Newsletter 28 – Deep Learning with TensorFlow

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Deep Learning with TensorFlow

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Jeff Dean is a Google legend.  He’s currently leading the Google Brain project so this recent lecture he gave at YCombinator on Large Scale Deep Learning is both important and fascinating.  It provides a unique glimpse into what Google think the future will be about.  Namely the application of deep learning to a far greater range of problems with an especial focus on the use of sequence to sequence techniques for language translation.

Dean promotes TensorFlow heavily and for good reason, citing the huge developer momentum behind the platform:

There’s a great introductory tutorial here that illustrates using the DataCamp environment looking at how that provides an inline code editor and execution cloud environment for trying out TensorFlow.  In this case the example is a multi-layer perceptron rather than a more sophisticated neural net.   Another more advanced resource provides useful tips on effective use of TensorFlow.  Finally TensorPort is an attempt to build a TfAAS proposition – TensorFlow as a cloud-based service.



Wired on how your phone number became the only username that matters courtesy of WhatsApp:

WhatsApp was among the first apps to equate your account with your phone number. Now apps like SnapchatTwitter, and Facebook Messenger do it too. Starting this fall, setting up your iPhone will be as easy as punching in your number. The supposedly super-secure way of logging into apps involves texting you a secret code to verify your identity. Phone numbers are killing the username, killing the password, and making it easier than ever to go wild online. So guard it with your life, because it is your life.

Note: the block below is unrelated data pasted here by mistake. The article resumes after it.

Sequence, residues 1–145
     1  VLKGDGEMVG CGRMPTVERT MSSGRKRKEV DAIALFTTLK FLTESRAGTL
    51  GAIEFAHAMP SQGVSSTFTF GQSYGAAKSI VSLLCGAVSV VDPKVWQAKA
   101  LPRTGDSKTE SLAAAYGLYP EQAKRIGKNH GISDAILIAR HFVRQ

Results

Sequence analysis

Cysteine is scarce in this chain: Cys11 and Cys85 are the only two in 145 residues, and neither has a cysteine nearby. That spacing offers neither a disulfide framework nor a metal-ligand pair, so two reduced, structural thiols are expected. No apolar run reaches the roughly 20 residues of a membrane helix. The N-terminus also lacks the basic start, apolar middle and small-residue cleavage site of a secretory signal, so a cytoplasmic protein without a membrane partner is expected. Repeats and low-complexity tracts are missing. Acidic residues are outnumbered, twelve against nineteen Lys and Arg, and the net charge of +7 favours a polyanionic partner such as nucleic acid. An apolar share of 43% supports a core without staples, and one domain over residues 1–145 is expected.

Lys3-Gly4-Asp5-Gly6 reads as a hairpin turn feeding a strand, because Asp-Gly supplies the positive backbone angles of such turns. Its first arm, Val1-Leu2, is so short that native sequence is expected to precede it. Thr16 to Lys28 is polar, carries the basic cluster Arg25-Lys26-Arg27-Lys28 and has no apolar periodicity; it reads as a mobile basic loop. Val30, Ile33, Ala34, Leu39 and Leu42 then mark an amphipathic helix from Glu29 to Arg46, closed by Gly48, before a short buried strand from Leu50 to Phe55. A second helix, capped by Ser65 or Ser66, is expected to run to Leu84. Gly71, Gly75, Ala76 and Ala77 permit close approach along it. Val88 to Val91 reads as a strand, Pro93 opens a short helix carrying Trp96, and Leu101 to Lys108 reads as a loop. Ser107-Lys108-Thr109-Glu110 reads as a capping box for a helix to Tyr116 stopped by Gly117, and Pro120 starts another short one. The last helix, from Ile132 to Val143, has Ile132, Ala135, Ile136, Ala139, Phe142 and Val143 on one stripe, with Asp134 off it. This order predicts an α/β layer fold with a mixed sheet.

Engadget go hands on with the Nokia 8 the new Android flagship from the company.  There’s a lot to like but will it stack up against Apple and Samsung’s flagships?


Amazon Video are finally shuttering postal DVD service LoveFiLM and going all in on OTT SVOD.  The author of this Guardian post mourns their demise:

Most people are on board with streaming and good luck to them. But for a variety of reasons there were a few of us who held out. We’ll miss Lovefilm and those silly little envelopes, even if they did make our friends laugh at us. on the politics of Trump’s beef with Bezos.  In the real world Amazon is creating 100,000 jobs in the US alone this year with many thousands of others in countries like the UK.  No other retailer comes close in terms of innovation and ambition.  What this is about is the Bezos-owned Washington Post being a constant thorn in Trump’s side leading to clumsy attempts to link the two:


Nice Bloomberg profile of Stripe, on how the two Irish Collison brothers that built Stripe turned seven lines of code into a 9.2 billion startup.

Smart lock maker Lockstate had just one job.  It failed abysmally judging by this email sent from it’s CEO to its customers:

“We are sorry to inform you about some unfortunate news. Your lock is among a small subset of locks that had a fatal error rendering it inoperable.  After a software update was sent to your lock, it failed to reconnect to our web service making a remote fix impossible”

Culture and Society

Liza Daly on learning about great engineering culture and why it’s about incorporating disparate views and encouraging healthy disagreements and building wide networks.

NYMag on living with an illness (in this case Chronic Fatigue Syndrome) that science hasn’t figured out yet.

The Zoological installation in London sounds awesome:

Random International’s installation, Zoological, features a flock of airborne spheres that glide and swoop and dance and swarm above and among us. What a mind-boggling show.

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